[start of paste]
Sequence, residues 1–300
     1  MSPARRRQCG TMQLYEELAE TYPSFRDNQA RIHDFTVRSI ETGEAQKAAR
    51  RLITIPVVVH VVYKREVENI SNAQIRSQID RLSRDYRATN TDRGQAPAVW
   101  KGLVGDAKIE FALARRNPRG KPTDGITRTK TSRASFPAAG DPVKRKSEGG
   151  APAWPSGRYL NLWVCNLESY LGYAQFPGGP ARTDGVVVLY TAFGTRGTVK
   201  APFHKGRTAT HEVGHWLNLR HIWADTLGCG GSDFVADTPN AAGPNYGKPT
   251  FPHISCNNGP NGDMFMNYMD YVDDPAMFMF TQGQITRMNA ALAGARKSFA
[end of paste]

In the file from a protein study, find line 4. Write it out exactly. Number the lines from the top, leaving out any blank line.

   101  KGLVGDAKIE FALARRNPRG KPTDGITRTK TSRASFPAAG DPVKRKSEGG